An investigation by the Inspectorate of Government that found several management irregularities at the Uganda Broadcasting Corporation (UBC) could force a change of course at the public broadcaster.
More so, after President Museveni recently instructed Rose Namayanja, the minister of Information and National Guidance, to investigate persistent complaints of UBC mismanagement, The Observer has learnt. The probe comes after the IG in its report released last year, found that all was not well at UBC.
The report, which was copied to the president, concluded: “The manner in which UBC has been managed by Mr [Paul] Kihika [the managing director] falls short of what is required by the UBC Act and procurement laws.”
Since then, several petitions have followed, sources say, forcing Museveni to take action. Namayanja is expected to report back by the end of this month. Kihika faces accusations of incompetence, favouritisim and failure to stem the financial malaise at the public broadcaster.
Kihika was appointed to head UBC in June 2011, after Kabakumba Masiko, the then minister of Information, disbanded the board and management team that was headed by Edward Mugasa Musinguzi over financial impropriety. Mugasa’s team was accused of failing to account for Shs 13bn, which was meant to compensate tenants affected by the relocation of UBC from Nakasero to its current location along Nile avenue.
Further, there were allegations that members of management and the board were misusing UBC equipment such as masts, generators and vehicles. Kihika’s appointment, therefore, even in acting capacity, was expected to stem the financial malaise and steady the UBC ship.
However, allegations of mismanagement and abuse of company equipment are still rife, according to current staff and those who have since left or were fired. Kihika has been accused of being aloof to staff concerns and of dismissing those he deems not loyal to him.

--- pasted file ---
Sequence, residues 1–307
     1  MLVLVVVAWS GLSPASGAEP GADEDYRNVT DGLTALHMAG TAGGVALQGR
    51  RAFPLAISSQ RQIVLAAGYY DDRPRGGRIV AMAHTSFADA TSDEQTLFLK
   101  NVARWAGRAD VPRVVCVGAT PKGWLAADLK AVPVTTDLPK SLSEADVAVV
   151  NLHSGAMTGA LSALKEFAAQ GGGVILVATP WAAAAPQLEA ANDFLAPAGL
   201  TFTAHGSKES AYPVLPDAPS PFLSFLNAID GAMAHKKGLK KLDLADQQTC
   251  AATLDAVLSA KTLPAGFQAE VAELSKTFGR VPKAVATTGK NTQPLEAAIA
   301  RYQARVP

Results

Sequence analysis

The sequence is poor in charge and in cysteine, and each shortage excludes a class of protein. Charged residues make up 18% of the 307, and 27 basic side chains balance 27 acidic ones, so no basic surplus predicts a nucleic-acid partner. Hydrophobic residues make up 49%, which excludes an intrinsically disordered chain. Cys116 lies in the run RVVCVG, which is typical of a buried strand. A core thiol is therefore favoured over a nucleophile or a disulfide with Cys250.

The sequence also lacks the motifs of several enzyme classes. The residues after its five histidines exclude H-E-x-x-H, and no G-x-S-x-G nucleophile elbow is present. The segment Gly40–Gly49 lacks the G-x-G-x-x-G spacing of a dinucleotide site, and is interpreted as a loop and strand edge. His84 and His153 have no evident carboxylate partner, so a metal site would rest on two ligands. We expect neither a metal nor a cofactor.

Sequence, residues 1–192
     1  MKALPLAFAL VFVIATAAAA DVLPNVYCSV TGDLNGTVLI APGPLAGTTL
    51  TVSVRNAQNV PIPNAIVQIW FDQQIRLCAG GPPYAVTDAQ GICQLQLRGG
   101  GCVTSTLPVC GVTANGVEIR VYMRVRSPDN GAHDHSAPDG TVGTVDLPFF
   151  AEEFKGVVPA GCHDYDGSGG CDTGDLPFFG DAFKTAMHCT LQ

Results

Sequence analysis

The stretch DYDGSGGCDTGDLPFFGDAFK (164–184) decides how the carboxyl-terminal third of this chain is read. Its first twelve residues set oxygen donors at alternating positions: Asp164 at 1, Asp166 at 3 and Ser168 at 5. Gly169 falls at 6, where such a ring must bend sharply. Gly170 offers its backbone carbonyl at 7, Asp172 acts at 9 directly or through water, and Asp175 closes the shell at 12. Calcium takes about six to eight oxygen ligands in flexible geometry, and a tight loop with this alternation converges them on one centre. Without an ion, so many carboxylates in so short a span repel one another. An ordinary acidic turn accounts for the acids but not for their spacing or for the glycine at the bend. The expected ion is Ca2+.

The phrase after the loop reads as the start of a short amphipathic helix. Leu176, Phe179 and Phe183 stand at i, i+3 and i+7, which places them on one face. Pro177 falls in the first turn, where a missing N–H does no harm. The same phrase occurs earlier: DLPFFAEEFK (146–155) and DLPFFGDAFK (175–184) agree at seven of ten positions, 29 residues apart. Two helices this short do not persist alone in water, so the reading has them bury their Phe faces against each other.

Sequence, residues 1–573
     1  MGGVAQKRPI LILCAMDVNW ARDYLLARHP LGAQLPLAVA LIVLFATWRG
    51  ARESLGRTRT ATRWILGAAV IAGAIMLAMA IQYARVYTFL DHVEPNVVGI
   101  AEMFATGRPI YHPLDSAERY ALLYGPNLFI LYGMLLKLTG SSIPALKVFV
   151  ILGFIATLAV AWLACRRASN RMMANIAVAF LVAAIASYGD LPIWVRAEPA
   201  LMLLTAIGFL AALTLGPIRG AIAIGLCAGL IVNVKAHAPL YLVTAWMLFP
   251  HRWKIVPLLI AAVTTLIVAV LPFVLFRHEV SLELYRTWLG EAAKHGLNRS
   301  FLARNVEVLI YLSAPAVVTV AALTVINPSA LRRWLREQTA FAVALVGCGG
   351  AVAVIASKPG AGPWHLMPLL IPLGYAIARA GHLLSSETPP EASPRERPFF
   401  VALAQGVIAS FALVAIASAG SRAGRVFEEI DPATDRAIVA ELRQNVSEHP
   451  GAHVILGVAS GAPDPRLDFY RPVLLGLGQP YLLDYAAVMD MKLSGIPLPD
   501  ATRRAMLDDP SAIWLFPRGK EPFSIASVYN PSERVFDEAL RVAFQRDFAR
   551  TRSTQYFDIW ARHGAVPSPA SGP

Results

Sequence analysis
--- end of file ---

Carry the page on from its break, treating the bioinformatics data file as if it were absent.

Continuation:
Some of the key senior staff who have left or been sacked from UBC under a cloud of suspicion include Barbara Muchilwa, an internal auditor; James Wajjega, a senior accountant; and Dickens Kagarura, the former acting corporation secretary, who was dimissed recently.
Of all exits, the one of Kagarura, according to our sources, was most shocking because he was until his dismissal regarded as Kihika’s right-hand man. The two reportedly fell out after Kihika accused Kagarura of badmouthing him before senior government officials. Kagarura has since gone to court to challenge his dismissal.
In response, Kihika told The Observer that ever since he took office, some people have tried to fight him. He alleged that a senior army officer, whose wife was fired from UBC for incompetence, could be the architect of the scheme to bring him down.
“They are saying all sorts of things, that I am rude, I am arrogant and I do no respect workers. But that is not true,” Kihika said.
Asked about the high employee turnover at UBC, Kihika said some people were fired for incompetence while others left over personal reasons. He said he was ready for any changes and was not afraid to move on.
“Before I came here, I worked somewhere. Change is normal and if it comes I will embrace it,” he said.
Mary Karooro Okurut, the former minister of Information and National Guidance, said she did not feel comfortable commenting about UBC affairs.
“I left that ministry and I would not want my name to be dragged in anything concerning UBC,” said Karooro, who is now minister for Gender, Labour and Social Affairs.
Namayanja couldn’t say much either, telling us today that she was still new in the ministry and trying to settle down.